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As a society we are increasingly concerned with scale and efficiency. Mega farms with herds of thousands of cattle replace small local dairy herds, a handful of large conglomerates own many of the brands on our shelves and thousands pack out auditoriums to attend mega churches.

But what does this mean for the way we love people? It can mean that we increasingly see our call to ‘do good’ as a duty held primarily by soup kitchens, global charities, big hostels and training centres, which we can volunteer with and give to; we share on-line campaigns and run marathons for development charities. We seek to love people effectively and efficiently.

This can be fantastic, life changing and engaging, but the mistake comes when we paint this capitalist altruism as the only way to engage with our communities. When we say, ‘You want to bring good news to the poor? to bind up the broken hearted? Then what you’ll need to do is set up a Just Giving page and run to Lands’ End. Leave the gritty stuff to the professionals’.

The culture of the professional do-gooder is dis-empowering to the individual.

I live in a community house. We got together because several years ago a few of us shared, at an open-mic night for dreams and visions, that we wanted to look a bit more like the early church. We share rooms and possessions. We share meals and morning prayers. We have an open door and invite people who need a bed to stay in our spare room. We aim to create a make-shift family for the poorly, run-down and homeless. Mostly just one at a time. Around our lives and jobs. As best we can.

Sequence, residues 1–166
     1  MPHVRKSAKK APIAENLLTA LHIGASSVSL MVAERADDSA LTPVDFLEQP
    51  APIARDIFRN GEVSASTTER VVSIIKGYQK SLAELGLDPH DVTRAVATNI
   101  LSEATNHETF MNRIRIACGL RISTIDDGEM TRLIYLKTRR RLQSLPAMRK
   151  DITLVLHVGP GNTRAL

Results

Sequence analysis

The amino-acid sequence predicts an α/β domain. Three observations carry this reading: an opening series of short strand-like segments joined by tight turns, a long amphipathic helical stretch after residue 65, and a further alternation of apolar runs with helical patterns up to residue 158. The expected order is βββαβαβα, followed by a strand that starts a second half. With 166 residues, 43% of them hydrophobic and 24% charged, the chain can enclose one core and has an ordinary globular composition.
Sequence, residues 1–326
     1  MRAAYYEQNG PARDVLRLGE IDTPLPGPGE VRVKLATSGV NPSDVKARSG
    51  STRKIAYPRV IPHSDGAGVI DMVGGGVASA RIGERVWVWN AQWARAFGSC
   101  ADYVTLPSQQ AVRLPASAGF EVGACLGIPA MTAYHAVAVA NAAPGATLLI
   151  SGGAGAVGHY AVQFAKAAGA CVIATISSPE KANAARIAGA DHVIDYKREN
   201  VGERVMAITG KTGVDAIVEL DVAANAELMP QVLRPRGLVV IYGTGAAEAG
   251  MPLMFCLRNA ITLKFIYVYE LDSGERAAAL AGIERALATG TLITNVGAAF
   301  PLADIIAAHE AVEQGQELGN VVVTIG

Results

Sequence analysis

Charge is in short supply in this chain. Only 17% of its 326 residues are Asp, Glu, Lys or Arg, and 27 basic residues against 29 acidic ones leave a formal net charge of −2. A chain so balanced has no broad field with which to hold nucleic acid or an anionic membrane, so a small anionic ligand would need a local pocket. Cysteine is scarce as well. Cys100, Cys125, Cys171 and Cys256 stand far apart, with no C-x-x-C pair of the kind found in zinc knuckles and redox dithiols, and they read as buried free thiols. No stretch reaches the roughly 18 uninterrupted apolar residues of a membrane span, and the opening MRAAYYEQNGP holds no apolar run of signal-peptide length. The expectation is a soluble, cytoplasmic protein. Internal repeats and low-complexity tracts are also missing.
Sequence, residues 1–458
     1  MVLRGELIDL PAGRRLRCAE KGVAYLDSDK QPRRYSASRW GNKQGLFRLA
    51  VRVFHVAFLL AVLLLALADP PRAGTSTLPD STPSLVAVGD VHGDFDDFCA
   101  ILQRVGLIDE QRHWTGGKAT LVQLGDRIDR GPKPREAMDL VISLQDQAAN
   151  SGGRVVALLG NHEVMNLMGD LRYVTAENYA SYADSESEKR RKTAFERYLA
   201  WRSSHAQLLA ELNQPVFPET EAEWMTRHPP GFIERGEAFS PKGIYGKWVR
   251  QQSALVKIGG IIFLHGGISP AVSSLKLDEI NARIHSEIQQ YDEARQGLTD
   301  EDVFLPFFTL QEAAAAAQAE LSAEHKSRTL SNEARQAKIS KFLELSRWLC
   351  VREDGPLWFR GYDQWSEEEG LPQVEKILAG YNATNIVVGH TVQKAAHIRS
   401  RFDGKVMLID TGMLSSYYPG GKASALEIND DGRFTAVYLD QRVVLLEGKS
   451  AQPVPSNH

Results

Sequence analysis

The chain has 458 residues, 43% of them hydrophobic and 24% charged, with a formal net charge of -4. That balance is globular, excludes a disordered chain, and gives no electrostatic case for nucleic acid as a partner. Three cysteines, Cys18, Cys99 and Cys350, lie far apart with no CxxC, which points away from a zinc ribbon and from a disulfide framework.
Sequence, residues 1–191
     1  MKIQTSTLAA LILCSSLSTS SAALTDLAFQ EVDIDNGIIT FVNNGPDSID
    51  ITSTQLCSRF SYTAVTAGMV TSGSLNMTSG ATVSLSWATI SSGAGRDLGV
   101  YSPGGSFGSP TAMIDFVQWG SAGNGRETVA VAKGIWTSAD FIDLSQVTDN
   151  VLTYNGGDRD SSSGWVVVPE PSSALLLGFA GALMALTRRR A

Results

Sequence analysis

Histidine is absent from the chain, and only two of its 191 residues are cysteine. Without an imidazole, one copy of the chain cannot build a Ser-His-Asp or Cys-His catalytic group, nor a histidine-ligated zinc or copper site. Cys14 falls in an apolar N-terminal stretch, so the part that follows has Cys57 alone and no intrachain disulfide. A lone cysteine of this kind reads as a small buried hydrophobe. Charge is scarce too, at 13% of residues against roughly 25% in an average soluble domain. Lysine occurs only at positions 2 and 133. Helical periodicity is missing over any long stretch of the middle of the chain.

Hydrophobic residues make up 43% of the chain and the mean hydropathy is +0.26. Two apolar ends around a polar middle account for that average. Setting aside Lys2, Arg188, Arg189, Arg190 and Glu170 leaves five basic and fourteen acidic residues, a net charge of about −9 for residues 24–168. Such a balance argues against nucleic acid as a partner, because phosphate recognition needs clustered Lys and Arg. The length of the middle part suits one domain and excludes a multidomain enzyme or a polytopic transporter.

It often doesn’t look like a success story. It looks inefficient, messy, costly and inconvenient. I spend around 30% of my waking time washing up. We raid supermarket bins for banquets. It took me three months to complete my tax return because visitors would knock on the door with more pressing needs. My bedroom door has a lock.

I work full-time in the prison system and help to run a community church group with some people who have left prison. Thanks to a wonderful array of residents the house also hosts a would-be-wasted food café, various political campaigns and multiple church projects.

In the last months I have also given a ukulele lesson to two homeless friends, conducted a funeral for a magpie we co-parented with a guest (who also came to live in the spare room) and twice I have been the object of police contact. Last week I cried my eyes out at the baptism of our current guest and this morning found the route to the washing machine blocked by an anonymous food donation.

We get it wrong more times than I can tell you. I’ve learnt more about my flaws this year than my strengths, but I have rarely found such life.  I’ve just had to scratch the surface to find that we are no pioneers. The Church’s history is full of stories of this beautiful messy small-scale socialism. People all around the world today are giving their lives over the gospel’s cause of love.

I’ve learnt that when we make our love-giving clean, efficient financially-focussed and large-scale we can easily miss the point, which is that we are called to be sacrificial and our care-giving is supposed to be risky. What people need, more often than not, cannot be provided wholesale. It’s being known, accepted and being believed in. It’s very small-scale socialism. It’s family.

Luckily, that’s what we, in the Church, have buckets of. f


Miriam Skinner lives in a work-in-progress community house in Durham, which she started with some friends four years ago.